This week, while I’m at Anabaptist Mennonite Biblical Seminary, I was asked to respond to the question What do you see in Anabaptism that is needed for the church today? It’s one of the themes for the week; there are lots more people saying intelligent things about it, and I’ve tried to collect some of them here. Given the nature of the question, I’ve put on my rose-colored glasses and examining Anabaptism at its best.
Anabaptism today offers two major contributions to Christian conversation. The first is that Anabaptists have a unique framework well-suited for the theological task of calling bullshit. This task is a theological task, and a critical one in our time—I’ll say more about this in a minute. When I was in seminary, one of our assigned readings was a thin book by Harry G. Frankfort called On Bullshit. I want to read an excerpt from the opening chapter:
“One of the most salient features of our culture is that there is so much bullshit…. Most people are rather confident of their ability to recognize bullshit and avoid being taken in by it…. In consequence, we have no clear understanding of what bullshit is, why there is so much of it, or what function it serves.”
Frankfort is a philosopher, so he’s very specific in his definition of bullshit. Bullshit is a category totally unrelated to truth, and totally unrelated to lies. Truth (and lies) are specific tasks which rely on the truth being in its place—either known or hidden. Bullshit rests on the premise that truth is irrelevant to the conversation. It’s that impulse to say something authoritative on a subject you know nothing about, because someone asked you a question and is expecting an answer.
In postmodernism, truth is already precarious. Postmodernism is so hesitant to commit to any truth statement, it is often taken in by bullshit when it should know better (“maybe George Zimmerman’s not racist..” It’s okay to make truth claims). Bullshit is the pit we dive into when we have to deconstruct our faith, and on reaching the bottom say, “instead of building up something new, let’s just stop here and not worry about faith anymore.” Bullshit says, “now that you’ve dismantled your racist, sexist, heternormative assumptions, why bother putting them back together? Here look, listen to some Iggy Azalea.”
Anabaptists are uniquely equipped to deal with bullshit for two reasons. One is my favorite and often-overlooked article in the confession of faith: “We commit ourselves to tell the truth, to give a simple yes or no.” Article 20 is often neglected, but it is critical to our faith: say what you know. stop where you don’t. It is the spiritual discipline of not knowing everything.
Our second weapon, if you will, against bullshit is our counterculture. Anabaptists approach mainstream theology with a hermeneutic of suspicion. We aren’t afraid to throw bullshit on the trash pile. Or the compost heap. Choose your own metaphor.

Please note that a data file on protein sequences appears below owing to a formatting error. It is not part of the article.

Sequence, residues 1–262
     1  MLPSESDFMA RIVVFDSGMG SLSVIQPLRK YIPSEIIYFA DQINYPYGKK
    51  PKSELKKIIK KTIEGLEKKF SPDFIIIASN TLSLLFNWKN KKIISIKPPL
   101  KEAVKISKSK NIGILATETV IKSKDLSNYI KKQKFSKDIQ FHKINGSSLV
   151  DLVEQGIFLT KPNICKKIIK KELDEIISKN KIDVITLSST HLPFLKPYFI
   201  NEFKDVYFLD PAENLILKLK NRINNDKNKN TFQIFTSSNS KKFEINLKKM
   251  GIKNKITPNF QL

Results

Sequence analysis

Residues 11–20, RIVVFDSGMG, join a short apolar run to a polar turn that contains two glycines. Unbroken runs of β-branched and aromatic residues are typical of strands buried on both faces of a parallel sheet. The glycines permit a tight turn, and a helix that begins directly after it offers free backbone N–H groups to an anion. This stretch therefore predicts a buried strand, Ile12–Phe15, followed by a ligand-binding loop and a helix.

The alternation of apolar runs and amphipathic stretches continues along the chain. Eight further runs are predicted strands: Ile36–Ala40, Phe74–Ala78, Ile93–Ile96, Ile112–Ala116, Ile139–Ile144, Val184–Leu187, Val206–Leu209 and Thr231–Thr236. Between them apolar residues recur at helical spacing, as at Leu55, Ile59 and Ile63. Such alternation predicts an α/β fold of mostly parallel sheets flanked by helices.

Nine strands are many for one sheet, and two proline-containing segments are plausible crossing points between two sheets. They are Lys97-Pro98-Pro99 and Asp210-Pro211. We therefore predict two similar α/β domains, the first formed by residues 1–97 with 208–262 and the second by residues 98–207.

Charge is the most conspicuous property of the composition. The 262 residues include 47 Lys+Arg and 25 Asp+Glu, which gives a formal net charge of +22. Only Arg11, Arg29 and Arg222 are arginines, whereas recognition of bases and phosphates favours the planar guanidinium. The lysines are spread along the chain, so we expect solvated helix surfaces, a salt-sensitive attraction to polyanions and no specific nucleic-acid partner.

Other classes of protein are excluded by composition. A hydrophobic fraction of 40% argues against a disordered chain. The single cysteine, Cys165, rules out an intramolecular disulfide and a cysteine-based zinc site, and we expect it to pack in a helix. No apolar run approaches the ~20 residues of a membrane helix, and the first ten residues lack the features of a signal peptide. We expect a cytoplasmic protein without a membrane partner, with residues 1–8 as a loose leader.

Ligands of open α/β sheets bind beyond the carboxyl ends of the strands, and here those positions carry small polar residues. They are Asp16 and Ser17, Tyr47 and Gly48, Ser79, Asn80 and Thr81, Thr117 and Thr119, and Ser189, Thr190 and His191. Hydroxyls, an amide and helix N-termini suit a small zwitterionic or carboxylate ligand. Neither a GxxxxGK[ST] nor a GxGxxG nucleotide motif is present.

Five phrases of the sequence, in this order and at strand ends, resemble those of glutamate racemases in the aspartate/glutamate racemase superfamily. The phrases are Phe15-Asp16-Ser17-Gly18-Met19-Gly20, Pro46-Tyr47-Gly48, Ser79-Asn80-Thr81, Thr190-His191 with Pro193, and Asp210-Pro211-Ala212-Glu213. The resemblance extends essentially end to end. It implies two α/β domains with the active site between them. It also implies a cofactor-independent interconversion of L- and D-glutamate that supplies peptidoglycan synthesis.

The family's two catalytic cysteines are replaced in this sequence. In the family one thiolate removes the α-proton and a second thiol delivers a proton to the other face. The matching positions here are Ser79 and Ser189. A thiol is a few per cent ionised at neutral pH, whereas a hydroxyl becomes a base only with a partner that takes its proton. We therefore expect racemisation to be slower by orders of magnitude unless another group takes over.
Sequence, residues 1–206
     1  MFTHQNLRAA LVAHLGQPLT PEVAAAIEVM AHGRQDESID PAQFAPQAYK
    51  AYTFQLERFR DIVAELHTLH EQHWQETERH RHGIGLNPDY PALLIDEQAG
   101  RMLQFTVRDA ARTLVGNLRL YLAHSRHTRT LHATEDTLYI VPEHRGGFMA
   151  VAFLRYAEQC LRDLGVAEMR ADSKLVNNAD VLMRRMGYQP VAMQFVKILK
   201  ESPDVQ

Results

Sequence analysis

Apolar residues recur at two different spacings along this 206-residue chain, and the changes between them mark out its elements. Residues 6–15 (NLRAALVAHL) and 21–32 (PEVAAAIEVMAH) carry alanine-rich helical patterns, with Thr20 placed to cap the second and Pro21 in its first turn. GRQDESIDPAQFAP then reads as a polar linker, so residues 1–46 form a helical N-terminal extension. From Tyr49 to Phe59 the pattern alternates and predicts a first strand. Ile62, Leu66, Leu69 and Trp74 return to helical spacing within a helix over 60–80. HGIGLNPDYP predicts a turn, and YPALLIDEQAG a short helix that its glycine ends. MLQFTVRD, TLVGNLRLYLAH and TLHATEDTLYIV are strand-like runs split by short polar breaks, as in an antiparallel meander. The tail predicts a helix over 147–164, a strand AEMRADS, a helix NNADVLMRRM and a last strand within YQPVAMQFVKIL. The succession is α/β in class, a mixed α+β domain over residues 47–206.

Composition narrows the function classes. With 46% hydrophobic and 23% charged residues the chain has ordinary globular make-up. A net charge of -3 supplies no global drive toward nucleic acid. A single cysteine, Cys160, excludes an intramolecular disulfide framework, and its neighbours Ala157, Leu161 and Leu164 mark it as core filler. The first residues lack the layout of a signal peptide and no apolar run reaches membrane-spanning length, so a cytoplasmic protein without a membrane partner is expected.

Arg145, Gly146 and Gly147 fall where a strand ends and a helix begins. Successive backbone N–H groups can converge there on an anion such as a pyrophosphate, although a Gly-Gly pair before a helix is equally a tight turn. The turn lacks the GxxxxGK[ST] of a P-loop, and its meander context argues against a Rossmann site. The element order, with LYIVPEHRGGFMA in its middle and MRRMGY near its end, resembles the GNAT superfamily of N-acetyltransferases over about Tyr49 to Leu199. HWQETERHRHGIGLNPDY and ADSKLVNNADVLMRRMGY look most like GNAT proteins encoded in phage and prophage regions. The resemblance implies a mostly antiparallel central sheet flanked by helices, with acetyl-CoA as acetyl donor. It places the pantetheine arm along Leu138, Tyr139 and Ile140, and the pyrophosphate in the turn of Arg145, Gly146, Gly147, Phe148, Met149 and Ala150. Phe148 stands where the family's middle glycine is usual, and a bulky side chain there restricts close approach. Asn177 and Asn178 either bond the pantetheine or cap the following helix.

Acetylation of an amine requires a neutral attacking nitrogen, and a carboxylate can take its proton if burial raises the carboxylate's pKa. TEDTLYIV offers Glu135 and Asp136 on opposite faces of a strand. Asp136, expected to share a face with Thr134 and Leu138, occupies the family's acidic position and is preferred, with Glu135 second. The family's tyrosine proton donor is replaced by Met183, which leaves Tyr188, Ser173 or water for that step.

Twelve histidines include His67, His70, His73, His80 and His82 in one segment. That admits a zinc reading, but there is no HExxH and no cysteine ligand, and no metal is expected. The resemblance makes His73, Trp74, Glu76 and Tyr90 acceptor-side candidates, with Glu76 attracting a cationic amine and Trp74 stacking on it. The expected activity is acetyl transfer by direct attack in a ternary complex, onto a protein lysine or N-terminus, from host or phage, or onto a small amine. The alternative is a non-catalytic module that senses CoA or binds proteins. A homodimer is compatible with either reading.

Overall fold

This is what we hold onto: the peace witness, the radical relationship we have with the land, simple living, skepticism toward capitalism and materialism. These elements don’t just make us countercultural, they make us highly sensitized to bullshit. And we ought to call bullshit—on flimsy immigration policy; on the military industrial system that disproportionately draws people of color into armed service; on food that comes out of packages instead of rich soil. The church deeply needs us to call bullshit. Let’s speak a little louder.
The second talent of Anabaptists, which the church today desperately needs, is a deliberate gullibility for imagining the impossible.
There’s an essay collection, entirely secular, called The Impossible will Take a Little While. Yet the title is Anabaptist. We approach the world expecting the impossible—expecting perhaps it will take a little while. Remember when they said separation of church and state was impossible? Remember when they said conscientious objection was impossible? Anabaptists are there, saying, “I do not think that word means what you think it means.” The impossible never bothered us.
Again, we have a dual foundation for this. First, we are in the world but not of the world. This also goes back to my beloved Article 20, on Truth and the Swearing of Oaths, which says, “Jesus… warned against using oaths to try to compel God to guarantee the future.” The powers and the principalities—the forces of oppression and greed and evil—try to persuade us that the present reality can only yield one future, a future in which evil reigns. But we’re not persuaded by present circumstances.
Reality is not an issue for us; we hold a low opinion of reality because we are not of reality, we are of a faith that goes beyond the seeable things. What I mean is, we are people of hope. We imagine past the narrow-minded limits of what our culture says can’t be done. And in a time of terrorism and pending environmental collapse, the world desperately needs someone who can insist that the present circumstances have little to do with the future.
Because we are kingdom builders. Not only is there hope, but we are active in it. Hope is in our hands—the way antebellum Anabaptists shuffled slaves along the underground railroad; the way contemporary ones stepped into prisons and made reconciliation a viable possibility; the way my unglamorous friends turn their mud every March and plant their seeds slowly, growing them the hard way, with blistered hands, and give away their abundance, not persuaded by the voices who say “It’s impossible feed a planet with such simple mechanisms.”
We say, “Yes. And the impossible takes a little while. But I do not think that word means what you think it means.”